Maddy, Christine, and Amy have come to support their best friend, Jane Redding, who has just recently published her first book, “How to Have a Perfect Life”. They are amazed and just super thrilled for Jane but are also a bit envious that Jane has somehow done what they have yet to do, which is to have the perfect life.
The three of them get to talking and of course being best friends, they are quick to point out the other’s fears and obstacles. They decide to risk it all after Jane’s success and use her book to propel them towards their own perfect lives. In this first book, which by the way this is a trilogy, Maddy Hills is the main character.
Maddy turned away from her first love, Joe, when she was in high school thanks to winning a full scholarship to an awesome art school. She didn’t look back or regret her choice either. At least, that’s what she tells herself every day. After meeting an accountant and marrying him, she suffers through his slow death thanks to cancer. In the midst of caring for him and making sure his business was always a constant success, she ended up turning away from her passion of art.
Now, Maddy and her two best friends make a bet with each other to find their perfect life. Maddy’s side of the bet involves getting her art into a gallery. To begin, she accepts a position at a youth camp. The only problem is her high school sweetheart that she turned away from runs the camp. She broke his heart years ago when she put her life, her passion for art, and her independence ahead of him, turning him down when he proposed.
She is terrified at the idea of seeing him again, but she can’t back out now. Not when she’s already accepted the position, drove down there, and of course, there is the bet she made. No, Maddy isn’t the kind to back down from getting what she wants, which is the perfect life. Only Maddy learns, sometimes having an almost perfect life is better than having the perfect life.
I really enjoyed reading this book. Julie Ortolon grabs the reader with the first page and really develops her characters in a pace that isn’t too slow and isn’t too hurried. The book reads well and you really become attached to the journey of Maddy’s ups and downs as she fights to achieve her dreams. The book is fun, sexy, and makes you want to grab your besties and make your own bet in hopes of obtaining your own almost perfect life.
The story plot is excellent. It is a unique plot which isn’t an easy task to achieve these days. Finding an author who can spin a new tale is an achievement of its own and Julie does that quite well. I am not an avid art lover nor do I know much about it but Julie crafts Maddy’s passion for painting and thrusts the reader into the world of art galleries in a manner that is solid and yet welcoming but the it doesn’t overwhelm the true plot of the story. The summer youth camp aspect was done just as well, the camp counselors fun and their point in the story served its purpose efficiently.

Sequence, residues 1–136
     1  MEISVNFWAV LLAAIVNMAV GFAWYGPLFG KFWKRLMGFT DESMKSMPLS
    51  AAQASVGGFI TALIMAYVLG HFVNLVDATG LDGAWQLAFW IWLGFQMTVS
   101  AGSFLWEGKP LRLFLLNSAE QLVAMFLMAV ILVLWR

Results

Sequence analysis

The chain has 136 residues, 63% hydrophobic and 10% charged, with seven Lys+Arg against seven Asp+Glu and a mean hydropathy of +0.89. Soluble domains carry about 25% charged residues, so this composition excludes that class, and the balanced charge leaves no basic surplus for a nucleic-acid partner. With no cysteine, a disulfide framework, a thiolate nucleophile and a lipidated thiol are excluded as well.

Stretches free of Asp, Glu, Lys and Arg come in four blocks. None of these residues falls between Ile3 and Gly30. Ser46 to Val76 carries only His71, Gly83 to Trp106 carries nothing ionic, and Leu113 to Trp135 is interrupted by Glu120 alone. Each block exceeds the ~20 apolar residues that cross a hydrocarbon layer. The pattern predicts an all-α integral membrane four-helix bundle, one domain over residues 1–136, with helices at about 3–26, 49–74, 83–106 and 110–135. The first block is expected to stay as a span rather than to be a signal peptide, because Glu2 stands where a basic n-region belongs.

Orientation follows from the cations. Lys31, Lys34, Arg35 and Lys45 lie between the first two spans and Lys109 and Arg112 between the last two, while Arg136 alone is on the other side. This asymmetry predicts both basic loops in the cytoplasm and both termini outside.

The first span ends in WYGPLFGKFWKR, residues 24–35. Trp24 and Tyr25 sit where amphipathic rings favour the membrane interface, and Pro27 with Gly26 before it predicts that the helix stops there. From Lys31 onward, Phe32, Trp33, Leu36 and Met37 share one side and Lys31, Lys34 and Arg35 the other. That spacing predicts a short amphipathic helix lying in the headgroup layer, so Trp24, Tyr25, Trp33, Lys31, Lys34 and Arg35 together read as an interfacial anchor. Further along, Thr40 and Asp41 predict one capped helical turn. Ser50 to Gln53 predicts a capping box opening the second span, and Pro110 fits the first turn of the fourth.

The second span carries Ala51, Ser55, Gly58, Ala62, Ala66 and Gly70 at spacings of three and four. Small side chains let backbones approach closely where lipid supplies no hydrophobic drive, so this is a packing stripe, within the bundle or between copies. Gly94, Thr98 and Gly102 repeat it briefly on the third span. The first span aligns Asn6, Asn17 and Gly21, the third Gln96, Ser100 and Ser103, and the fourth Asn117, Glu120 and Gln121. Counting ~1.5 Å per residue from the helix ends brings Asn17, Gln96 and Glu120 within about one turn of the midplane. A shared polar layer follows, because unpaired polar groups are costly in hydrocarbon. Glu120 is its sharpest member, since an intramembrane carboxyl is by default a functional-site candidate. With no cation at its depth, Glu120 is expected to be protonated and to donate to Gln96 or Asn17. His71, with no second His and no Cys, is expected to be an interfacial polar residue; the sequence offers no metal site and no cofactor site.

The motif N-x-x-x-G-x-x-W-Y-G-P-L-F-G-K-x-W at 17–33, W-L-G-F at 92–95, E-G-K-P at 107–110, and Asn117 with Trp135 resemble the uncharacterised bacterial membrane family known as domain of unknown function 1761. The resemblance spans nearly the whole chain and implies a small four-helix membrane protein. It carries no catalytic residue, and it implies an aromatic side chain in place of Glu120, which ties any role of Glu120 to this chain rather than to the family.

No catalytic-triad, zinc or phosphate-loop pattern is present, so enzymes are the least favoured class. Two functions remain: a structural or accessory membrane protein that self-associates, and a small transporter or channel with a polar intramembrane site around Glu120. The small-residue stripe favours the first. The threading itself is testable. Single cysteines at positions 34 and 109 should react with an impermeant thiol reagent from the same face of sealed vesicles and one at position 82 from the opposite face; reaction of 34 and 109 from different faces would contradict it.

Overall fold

The characters are realistic and the reader can’t help but fall in love with them. The closer Maddy and Joe grow mingled with the frustrations over the past forcing them to part again are very realistic. This is not a ‘girl swoons all over boy and boy and girl kiss and make up and forget all about how girl did boy wrong’ tale. No, Joe is pissed and still very resentful over how he was done wrong and the fights between the two are definitely heated and very realistic. (So are the steamy make-up scenes!)
There were many fine points that I really liked about Almost Perfect. The psychological aspects of emotional relationships really perked my senses throughout this book. When I read something that’s not fantasy I want the characters to be REAL. And Julie did that to the max! What I liked the most about Julie’s novel though, is how she incorporated Maddy’s best friends throughout the story. She set them in places and gave them just enough notice and background to create the urge for me to want to go dive straight into book two and three. And that’s exactly what I’m going to do. Book Two and Book Three ARE already available! You can read them or wait for my reviews for the rest of the series: Just Perfect and Too Perfect
Why not a perfect 10? I did feel that some scenes, a very minuscule amount, were a little slow and long drawn out. That’s the only negative thing I could come up with regarding this novel, which says a lot. A clean novel, though sex is involved I’d feel comfortable putting it in my teenager’s hands because there is nothing erotic or disheveled or remotely icky about it. Kudos to Julie for keeping it real and keeping it clean. J